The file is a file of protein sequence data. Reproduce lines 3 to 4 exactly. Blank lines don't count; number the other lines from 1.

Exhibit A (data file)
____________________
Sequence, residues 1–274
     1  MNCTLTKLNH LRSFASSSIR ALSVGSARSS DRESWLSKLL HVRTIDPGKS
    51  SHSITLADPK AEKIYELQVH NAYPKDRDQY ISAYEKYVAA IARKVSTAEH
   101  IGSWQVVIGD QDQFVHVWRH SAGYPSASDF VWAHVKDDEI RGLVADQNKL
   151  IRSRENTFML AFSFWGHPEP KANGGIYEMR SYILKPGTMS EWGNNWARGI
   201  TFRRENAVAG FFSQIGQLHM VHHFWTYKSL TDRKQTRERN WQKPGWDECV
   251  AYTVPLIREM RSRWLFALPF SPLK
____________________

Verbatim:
    51  SHSITLADPK AEKIYELQVH NAYPKDRDQY ISAYEKYVAA IARKVSTAEH
   101  IGSWQVVIGD QDQFVHVWRH SAGYPSASDF VWAHVKDDEI RGLVADQNKL